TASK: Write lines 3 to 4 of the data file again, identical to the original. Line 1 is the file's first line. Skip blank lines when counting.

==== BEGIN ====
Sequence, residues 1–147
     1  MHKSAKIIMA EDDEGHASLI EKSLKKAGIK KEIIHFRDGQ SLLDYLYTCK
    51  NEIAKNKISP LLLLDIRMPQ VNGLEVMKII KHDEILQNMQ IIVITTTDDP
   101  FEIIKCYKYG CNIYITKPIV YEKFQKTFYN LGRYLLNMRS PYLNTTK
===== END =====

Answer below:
    51  NEIAKNKISP LLLLDIRMPQ VNGLEVMKII KHDEILQNMQ IIVITTTDDP
   101  FEIIKCYKYG CNIYITKPIV YEKFQKTFYN LGRYLLNMRS PYLNTTK